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Our Path to Net Zero

The Climate Crisis Is Here. And It’s Only the Beginning

david miller_c40
david miller_c40

The worst flooding in Pakistan’s history. Unprecedented wildfires in Europe. Crop failure in Africa. Flooding and drought in the United States. Greenland’s glaciers melting at an accelerated rate. These are all just the beginning of what the planet will look like.

All of the above were predicted by climate scientists, but they’re happening much faster than expected. Events are happening now that were predicted to happen a decade from now or even further into the future.

The scale and cost of these man-made disasters are virtually impossible to calculate, far exceeding the investment needed to ensure the prompt action required to mitigate the risk. However, these incalculable costs clearly emphasize the urgency of acting today.

What can we do? According to scientists, to have any hope of mitigating the impact on people and the planet, we need to keep the global rise in temperature to 1.5 degrees Celsius or less — and we’re very nearly at this threshold. It means that the world has to collectively halve its emissions by 2030 and be on the path to net zero by 2050. Can we reach these targets? Technically yes, but only if we can build and use our collective will to do so.

Thankfully, that political will is present in many of the world’s great cities. At C40 Cities (a leading global network of nearly 100 mayors of the world’s largest cities taking urgent action to tackle the climate crisis), stringent membership standards are in place that outline the level of political will required to achieve meaningful progress on the climate crisis. Nearly two-thirds of C40 members have already published climate plans and instigated actions that will help reach this global target. Last year at COP26 in Glasgow, the then Chair of C40 and the current Mayor of Los Angeles, Eric Garcetti, announced that over 1,000 cities had signed on to the Cities Race to Zero campaign, pledging to meet the same high membership standards set by C40 Cities.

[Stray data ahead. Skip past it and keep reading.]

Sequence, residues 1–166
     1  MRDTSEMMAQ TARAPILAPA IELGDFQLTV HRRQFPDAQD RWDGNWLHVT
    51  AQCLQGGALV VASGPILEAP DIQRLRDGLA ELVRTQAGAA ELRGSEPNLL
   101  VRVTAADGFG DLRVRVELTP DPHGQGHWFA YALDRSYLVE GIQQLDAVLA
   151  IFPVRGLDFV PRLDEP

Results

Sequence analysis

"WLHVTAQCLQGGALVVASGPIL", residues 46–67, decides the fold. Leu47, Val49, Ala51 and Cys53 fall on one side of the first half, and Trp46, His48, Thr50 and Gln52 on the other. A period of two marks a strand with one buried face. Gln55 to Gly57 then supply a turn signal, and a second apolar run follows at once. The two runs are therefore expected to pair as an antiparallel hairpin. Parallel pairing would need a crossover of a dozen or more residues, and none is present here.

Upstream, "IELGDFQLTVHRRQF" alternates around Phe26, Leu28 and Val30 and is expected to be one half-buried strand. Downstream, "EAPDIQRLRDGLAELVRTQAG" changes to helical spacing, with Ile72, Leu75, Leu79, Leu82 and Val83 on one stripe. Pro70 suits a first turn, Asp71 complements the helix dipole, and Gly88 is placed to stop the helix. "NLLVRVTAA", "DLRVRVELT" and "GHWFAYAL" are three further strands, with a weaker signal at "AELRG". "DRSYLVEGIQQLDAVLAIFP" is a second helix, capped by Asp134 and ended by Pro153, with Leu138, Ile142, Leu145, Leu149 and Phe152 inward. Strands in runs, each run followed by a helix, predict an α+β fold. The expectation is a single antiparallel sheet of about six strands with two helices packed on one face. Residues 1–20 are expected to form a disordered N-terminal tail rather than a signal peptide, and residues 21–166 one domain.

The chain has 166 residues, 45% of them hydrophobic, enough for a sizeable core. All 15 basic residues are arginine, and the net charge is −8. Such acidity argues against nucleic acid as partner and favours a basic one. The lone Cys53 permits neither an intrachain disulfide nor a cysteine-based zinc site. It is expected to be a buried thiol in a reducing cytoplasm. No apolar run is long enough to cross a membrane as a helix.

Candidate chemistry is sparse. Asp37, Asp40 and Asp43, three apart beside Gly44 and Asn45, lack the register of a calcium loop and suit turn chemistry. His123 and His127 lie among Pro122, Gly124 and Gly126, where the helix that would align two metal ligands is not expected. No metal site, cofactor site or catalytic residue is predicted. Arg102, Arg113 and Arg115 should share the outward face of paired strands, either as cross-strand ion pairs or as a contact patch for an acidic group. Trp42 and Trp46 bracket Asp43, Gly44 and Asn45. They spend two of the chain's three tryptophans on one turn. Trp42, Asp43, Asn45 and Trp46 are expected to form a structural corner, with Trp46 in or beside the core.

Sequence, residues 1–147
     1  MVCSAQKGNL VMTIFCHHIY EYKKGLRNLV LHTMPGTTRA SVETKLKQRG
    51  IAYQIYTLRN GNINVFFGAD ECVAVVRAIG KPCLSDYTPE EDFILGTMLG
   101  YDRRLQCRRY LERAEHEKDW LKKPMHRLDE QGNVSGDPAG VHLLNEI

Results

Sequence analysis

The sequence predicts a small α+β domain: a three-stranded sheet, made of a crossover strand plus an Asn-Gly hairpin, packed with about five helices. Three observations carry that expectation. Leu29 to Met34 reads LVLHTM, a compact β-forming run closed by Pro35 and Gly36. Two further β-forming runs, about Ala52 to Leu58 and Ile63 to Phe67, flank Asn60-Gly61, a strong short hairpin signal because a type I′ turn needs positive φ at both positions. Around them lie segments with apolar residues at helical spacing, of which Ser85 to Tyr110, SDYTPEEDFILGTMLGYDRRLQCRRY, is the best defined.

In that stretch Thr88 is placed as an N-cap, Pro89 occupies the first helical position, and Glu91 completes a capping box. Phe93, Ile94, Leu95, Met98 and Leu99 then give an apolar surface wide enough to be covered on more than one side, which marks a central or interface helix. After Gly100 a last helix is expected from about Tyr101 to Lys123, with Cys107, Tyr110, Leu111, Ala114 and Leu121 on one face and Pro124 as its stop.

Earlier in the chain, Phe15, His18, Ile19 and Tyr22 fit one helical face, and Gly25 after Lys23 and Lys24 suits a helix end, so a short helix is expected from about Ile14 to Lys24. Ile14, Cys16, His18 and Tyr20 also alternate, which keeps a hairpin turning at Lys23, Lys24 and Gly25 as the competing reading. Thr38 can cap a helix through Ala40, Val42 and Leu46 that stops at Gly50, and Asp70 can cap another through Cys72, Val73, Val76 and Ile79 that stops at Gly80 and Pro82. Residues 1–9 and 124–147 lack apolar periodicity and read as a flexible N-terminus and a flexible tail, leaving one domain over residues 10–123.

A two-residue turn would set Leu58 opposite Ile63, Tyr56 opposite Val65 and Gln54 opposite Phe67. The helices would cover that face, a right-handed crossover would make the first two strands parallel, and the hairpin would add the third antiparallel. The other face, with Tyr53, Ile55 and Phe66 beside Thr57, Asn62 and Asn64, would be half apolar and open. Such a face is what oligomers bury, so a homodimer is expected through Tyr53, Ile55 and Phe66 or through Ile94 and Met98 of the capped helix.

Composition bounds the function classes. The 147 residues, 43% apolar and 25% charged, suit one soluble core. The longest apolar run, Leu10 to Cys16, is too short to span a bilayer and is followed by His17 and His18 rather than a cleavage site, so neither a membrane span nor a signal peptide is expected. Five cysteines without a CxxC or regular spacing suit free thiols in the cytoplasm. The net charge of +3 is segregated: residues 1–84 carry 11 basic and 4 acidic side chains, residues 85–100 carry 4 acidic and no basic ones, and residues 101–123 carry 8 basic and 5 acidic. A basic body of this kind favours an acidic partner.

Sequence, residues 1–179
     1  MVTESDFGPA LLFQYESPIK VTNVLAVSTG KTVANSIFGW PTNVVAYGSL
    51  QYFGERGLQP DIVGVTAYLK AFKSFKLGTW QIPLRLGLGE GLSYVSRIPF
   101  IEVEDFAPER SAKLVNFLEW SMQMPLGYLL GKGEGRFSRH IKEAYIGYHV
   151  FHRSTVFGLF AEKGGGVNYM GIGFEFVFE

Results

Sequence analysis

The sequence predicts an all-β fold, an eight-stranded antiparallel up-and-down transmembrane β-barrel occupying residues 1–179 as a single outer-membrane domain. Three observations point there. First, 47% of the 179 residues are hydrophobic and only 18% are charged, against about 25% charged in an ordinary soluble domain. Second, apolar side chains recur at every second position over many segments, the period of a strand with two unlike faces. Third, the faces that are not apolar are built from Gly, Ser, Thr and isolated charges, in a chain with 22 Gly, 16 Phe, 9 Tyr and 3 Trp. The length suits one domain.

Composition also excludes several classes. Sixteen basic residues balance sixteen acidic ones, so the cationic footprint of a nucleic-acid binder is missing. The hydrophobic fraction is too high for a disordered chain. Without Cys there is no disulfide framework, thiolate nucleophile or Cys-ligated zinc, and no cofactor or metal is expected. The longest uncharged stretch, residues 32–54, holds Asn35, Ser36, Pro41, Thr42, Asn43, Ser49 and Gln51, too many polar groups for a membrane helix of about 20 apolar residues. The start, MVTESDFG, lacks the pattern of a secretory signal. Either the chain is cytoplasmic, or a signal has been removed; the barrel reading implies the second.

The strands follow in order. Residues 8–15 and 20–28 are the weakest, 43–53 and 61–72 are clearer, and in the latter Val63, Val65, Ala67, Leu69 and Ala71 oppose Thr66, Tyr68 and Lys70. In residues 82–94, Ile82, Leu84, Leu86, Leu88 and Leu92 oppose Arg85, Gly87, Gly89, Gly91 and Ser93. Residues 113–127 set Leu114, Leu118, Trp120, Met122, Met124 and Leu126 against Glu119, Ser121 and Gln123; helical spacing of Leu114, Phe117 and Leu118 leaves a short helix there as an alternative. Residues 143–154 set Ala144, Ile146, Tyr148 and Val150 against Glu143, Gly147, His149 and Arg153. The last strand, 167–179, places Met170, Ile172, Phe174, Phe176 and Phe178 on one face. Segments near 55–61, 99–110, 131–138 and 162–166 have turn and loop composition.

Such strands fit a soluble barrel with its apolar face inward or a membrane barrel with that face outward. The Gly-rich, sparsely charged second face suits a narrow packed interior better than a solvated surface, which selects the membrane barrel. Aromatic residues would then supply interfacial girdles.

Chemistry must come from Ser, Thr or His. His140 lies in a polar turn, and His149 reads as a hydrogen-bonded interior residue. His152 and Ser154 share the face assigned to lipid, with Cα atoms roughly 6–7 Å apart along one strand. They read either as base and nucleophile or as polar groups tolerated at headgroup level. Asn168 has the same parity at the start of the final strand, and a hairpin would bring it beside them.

The majority of the world’s population today resides in cities, most of the world’s economy stems from cities, and most of the world’s greenhouse gases are emitted within cities. By addressing emissions from buildings, transportation, energy generation, and waste, mayors and the city governments they lead can make a significant difference in rapidly reducing our collective reliance on fossil fuels.

For example, Vancouver is showing how to create a path to zero emission new buildings by 2030 by developing some of North America’s most ambitious building codes.

Montreal is decarbonizing new buildings even sooner by setting a zero-emission standard for new buildings by 2025 in partnership with Hydro Quebec. The city is also working to ensure its existing municipal buildings are net zero by 2030 and all existing buildings are carbon neutral by 2040. Emissions generated in Toronto are now over 30 per cent lower than they were in 1990, despite the economic boom and population growth of the last 20 years.

Cities are also lowering emissions by focusing on the transportation sector. Expanding access to public transport and supporting densification that allows for easier walking and cycling (an idea often referred to as the “15-minute city”) are happening at pace in places as far apart as Barcelona and Buenos Aires. And there are amazing examples of cities decarbonizing their energy grids, such as Melbourne and Australia. Although Melbourne doesn’t have legal responsibility for generating electricity, it has used the convening power of the mayor and its own purchasing power to help drive a transition to clean power. There are equally impressive examples of climate leadership in places as diverse as Accra, which is leading on important work to reduce methane emissions from waste and in Shenzhen, which is close to completing the electrification of its public transport and taxi network.

There’s one element that’s common to all these examples, and that’s city governments acting with the urgency that the science on the climate crisis demands. Collectively, businesses, public institutions, and national governments need to do the same.

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